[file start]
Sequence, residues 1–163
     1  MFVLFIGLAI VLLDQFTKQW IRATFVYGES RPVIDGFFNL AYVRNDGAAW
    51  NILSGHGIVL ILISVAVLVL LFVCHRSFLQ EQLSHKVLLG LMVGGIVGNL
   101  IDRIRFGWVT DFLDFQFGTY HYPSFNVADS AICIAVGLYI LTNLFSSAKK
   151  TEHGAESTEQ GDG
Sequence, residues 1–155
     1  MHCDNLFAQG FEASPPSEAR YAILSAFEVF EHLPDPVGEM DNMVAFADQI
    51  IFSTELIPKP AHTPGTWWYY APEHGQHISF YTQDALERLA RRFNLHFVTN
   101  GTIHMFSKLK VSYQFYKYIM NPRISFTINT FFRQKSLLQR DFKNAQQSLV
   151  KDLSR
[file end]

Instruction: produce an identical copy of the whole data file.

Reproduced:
Sequence, residues 1–163
     1  MFVLFIGLAI VLLDQFTKQW IRATFVYGES RPVIDGFFNL AYVRNDGAAW
    51  NILSGHGIVL ILISVAVLVL LFVCHRSFLQ EQLSHKVLLG LMVGGIVGNL
   101  IDRIRFGWVT DFLDFQFGTY HYPSFNVADS AICIAVGLYI LTNLFSSAKK
   151  TEHGAESTEQ GDG
Sequence, residues 1–155
     1  MHCDNLFAQG FEASPPSEAR YAILSAFEVF EHLPDPVGEM DNMVAFADQI
    51  IFSTELIPKP AHTPGTWWYY APEHGQHISF YTQDALERLA RRFNLHFVTN
   101  GTIHMFSKLK VSYQFYKYIM NPRISFTINT FFRQKSLLQR DFKNAQQSLV
   151  KDLSR